Within about twenty minutes of our arrival, some of the boys set out to climb the closest massive cliff right behind the camp. Only one of them made it to the top; the others either got stuck or had to turn back when a cranky Tim ordered them down after being told off by the people who ran the camp, who apparently had CCTV cameras all over the place.

Not long after that Tim took us out to climb nearby 'Turtle Rock' and visit Arryabal Meditation Temple, both offering amazing views over the surrounding area.

Inside the rock.

Offerings left in the rock.

Some of the group squeezed through a tiny hole in the little cave and out onto a ledge that looked out over the park. 

Ajay on his perch. 

Chris striking a pose.

Tim and George.

The path to the meditation temple.

Alongside the path was a series of signs featuring Buddhist aphorisms in English and Mongolian, some abstract and nonsensical, others pretty insightful. I liked this one in particular.

 Ajay, Matt, George, Max and Tim.

Long way to the top.

After we got back from the temple the group decided to go horseriding, but having been unimpressed with the treatment of the horses I'd seen so far (and suspecting the usual abuses that occur whenever animals are exploited for human interests instead of their own), I decided to abstain. Mongolian horses are also pretty small compared with Western breeds and, while I'm sure they could've handled it, I did have concerns about how well one could carry me! I did, however, take a bunch of shots of the other guys mounting up:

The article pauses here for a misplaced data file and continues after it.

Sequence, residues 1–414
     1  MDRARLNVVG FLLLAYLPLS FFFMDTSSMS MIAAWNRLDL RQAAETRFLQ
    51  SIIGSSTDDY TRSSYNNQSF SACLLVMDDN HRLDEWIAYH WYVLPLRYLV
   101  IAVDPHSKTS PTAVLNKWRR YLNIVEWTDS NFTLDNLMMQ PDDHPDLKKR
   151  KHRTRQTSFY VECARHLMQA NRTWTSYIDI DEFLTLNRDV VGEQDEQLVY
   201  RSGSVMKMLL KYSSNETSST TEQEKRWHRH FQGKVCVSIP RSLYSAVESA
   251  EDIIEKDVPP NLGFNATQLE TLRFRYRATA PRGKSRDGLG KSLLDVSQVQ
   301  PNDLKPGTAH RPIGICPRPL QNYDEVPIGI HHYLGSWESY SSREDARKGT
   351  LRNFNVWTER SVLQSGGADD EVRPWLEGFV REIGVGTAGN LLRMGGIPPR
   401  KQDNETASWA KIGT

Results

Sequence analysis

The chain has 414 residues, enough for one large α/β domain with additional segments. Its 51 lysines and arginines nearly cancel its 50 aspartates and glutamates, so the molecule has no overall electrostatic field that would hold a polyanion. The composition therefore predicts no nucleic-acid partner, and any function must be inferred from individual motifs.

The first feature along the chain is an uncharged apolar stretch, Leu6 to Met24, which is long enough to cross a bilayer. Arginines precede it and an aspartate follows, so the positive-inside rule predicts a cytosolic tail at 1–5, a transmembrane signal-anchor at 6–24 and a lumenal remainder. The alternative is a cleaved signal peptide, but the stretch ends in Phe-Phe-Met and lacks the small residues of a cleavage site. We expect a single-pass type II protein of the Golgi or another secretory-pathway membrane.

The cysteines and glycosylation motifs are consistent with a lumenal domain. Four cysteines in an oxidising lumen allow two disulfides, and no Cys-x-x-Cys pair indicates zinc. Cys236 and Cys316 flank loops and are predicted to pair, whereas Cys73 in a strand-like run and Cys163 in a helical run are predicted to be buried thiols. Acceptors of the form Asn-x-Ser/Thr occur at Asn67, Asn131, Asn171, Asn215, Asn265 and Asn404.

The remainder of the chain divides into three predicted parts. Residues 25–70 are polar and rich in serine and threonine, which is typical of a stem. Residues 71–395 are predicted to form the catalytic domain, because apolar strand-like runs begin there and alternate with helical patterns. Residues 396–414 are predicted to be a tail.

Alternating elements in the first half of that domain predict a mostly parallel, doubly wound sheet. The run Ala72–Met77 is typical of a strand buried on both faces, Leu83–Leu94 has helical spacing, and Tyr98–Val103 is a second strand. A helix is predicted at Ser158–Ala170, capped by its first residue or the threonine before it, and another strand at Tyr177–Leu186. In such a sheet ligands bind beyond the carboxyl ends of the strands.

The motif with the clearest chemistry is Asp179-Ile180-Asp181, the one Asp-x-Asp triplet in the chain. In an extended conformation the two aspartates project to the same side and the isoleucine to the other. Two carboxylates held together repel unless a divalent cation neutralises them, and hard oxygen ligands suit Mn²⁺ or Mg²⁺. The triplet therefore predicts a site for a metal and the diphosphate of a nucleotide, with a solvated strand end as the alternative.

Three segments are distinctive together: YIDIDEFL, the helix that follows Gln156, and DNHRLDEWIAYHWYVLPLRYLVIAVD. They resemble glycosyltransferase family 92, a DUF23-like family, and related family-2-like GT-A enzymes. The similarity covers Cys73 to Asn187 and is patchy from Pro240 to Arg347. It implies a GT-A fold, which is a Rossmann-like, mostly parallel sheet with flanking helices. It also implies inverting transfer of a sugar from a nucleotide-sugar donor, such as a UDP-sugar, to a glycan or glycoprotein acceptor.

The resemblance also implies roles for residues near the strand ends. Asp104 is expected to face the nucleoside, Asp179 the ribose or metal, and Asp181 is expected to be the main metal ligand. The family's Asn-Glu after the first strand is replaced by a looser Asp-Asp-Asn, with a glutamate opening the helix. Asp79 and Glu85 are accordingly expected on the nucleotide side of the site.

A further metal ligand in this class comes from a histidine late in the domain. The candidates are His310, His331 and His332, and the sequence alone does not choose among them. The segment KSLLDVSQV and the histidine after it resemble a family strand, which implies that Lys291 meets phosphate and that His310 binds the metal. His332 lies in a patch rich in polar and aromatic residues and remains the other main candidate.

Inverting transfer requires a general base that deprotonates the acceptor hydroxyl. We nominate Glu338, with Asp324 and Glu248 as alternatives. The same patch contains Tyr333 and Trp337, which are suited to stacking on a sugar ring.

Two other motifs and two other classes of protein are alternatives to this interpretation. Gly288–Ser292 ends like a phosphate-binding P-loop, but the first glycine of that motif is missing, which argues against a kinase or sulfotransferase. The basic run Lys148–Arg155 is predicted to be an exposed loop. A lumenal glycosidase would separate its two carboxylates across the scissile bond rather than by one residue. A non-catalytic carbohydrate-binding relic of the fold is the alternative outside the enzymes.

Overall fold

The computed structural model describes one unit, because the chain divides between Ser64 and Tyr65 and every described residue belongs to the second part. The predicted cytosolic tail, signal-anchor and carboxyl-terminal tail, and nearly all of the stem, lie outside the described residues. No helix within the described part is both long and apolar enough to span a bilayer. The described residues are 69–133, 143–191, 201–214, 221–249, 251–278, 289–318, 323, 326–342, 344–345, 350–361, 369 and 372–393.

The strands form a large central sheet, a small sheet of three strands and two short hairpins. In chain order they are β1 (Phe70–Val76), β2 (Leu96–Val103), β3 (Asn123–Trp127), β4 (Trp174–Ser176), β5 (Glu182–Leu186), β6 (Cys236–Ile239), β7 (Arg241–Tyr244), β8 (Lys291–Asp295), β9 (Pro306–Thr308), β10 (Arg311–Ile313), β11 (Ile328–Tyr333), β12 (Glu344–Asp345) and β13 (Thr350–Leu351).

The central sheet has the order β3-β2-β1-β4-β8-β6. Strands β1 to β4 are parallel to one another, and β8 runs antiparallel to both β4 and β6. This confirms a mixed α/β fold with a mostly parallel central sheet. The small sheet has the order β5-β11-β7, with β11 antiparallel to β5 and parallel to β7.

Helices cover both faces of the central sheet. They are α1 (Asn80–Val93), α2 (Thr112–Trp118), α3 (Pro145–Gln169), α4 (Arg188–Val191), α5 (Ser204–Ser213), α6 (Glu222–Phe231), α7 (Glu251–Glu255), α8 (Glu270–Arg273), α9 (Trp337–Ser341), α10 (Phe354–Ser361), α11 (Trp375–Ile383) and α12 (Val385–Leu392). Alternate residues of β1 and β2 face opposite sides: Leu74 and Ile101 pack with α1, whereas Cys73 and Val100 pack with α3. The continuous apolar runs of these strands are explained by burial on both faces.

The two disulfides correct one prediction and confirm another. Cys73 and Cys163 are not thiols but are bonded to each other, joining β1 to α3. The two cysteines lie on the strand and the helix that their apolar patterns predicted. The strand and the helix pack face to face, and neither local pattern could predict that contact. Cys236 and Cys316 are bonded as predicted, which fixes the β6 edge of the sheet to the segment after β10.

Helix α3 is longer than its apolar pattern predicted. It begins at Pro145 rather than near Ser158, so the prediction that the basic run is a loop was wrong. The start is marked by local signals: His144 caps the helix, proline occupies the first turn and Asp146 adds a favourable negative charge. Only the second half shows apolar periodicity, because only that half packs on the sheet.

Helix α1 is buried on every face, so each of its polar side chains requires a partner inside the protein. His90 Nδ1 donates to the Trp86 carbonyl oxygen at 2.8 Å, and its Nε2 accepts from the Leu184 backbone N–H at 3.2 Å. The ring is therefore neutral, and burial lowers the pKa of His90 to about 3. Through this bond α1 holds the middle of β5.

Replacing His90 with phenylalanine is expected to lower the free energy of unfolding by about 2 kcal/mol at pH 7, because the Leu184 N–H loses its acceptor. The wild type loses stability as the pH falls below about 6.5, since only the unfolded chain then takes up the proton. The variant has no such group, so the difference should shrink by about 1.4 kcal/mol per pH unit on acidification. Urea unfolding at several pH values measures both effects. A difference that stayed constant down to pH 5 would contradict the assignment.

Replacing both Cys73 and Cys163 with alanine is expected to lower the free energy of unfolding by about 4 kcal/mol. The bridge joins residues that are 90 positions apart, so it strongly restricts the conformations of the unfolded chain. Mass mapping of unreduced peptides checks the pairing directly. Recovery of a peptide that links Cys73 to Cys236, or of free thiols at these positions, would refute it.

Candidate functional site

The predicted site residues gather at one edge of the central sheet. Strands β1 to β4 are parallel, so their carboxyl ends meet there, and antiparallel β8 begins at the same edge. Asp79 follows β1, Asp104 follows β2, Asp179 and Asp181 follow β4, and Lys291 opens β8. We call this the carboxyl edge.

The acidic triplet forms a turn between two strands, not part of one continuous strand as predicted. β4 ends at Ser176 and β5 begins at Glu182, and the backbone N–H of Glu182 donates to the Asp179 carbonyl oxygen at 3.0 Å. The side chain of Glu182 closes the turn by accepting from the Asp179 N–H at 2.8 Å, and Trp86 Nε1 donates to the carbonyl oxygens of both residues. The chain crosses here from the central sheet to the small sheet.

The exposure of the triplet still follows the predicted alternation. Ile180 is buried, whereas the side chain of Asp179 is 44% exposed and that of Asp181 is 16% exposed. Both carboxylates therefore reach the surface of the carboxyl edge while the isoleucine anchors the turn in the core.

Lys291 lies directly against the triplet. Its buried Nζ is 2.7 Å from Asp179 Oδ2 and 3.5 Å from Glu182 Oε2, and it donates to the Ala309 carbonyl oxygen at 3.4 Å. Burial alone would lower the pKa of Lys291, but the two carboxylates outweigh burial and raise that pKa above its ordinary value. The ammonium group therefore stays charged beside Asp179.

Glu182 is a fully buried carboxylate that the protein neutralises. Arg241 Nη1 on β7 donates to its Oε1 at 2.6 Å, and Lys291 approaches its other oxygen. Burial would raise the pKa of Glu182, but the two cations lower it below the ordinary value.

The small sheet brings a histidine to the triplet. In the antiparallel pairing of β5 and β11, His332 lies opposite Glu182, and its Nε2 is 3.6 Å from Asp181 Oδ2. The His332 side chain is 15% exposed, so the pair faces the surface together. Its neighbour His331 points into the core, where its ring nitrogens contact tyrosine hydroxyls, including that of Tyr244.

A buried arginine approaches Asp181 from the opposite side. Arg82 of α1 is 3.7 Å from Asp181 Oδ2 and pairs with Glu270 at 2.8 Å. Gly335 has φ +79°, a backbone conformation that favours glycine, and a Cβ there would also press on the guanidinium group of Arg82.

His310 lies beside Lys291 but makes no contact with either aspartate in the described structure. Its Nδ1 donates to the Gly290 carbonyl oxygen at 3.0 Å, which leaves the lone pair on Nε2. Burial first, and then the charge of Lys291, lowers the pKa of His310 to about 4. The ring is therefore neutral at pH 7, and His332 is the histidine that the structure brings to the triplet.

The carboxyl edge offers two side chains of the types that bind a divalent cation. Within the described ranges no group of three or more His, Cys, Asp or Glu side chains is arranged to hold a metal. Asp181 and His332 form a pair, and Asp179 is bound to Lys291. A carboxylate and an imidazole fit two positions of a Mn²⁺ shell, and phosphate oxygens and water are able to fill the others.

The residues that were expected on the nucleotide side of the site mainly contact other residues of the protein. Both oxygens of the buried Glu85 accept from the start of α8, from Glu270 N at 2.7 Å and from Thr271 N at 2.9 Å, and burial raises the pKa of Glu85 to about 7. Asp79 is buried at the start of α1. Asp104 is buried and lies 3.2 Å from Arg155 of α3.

The beginners.

Emma, George, Til and Matt.

Our fearless leader.

Isabell, Zac and Daniel.

Riding into the sunset.


Luckily (for me and the horses, not her), Heli is allergic to the animals, so she also steered clear. We decided to go hiking up a nearby mountain instead, and it was well worth it for the view of the sunset awaiting us up there.

Heli keeping her distance from the herd.

Climbing the mountain.

Reached the summit!

We all reunited for dinner and swapped stories about the worst jobs and injuries we'd ever had before heading out to a pavilion for a massive night on Mongolian vodka. The crowning achievement of the night was a game of 21 in which we managed to assign a rule to every number up to twenty-one, something the game's initiator Ajay assured us he'd never done. I hadn't played it before, but the object is to go around the circle, each saying a number until you get to twenty-one, when you introduce a new rule like 'swap seven and fourteen' or 'stand up when you say 'twelve''. If you forget a rule you have to drink and the whole group starts back at one. This was the complete list (language warning):

1 – Replace with 'Odeen' (Russian word for 'one')
2 – Replace with a drink
3 – Replace with 'F*!k'
4 – Replace with 'Me'
5 – Replace with 'Hard'
6 – Replace with a dolphin's cry
7 – Replace with 'Fourteen'
8 – Reverse direction
9 – Replace with 'Nineteen'
10 – Replace with 'Sharon!'
11 – Replace with 'Thirteen'
12 – Say like a trumpeting elephant (with trunk gesture)
13 – Replace with 'Eleven'
14 – Replace with 'Seven'
15 – Stand up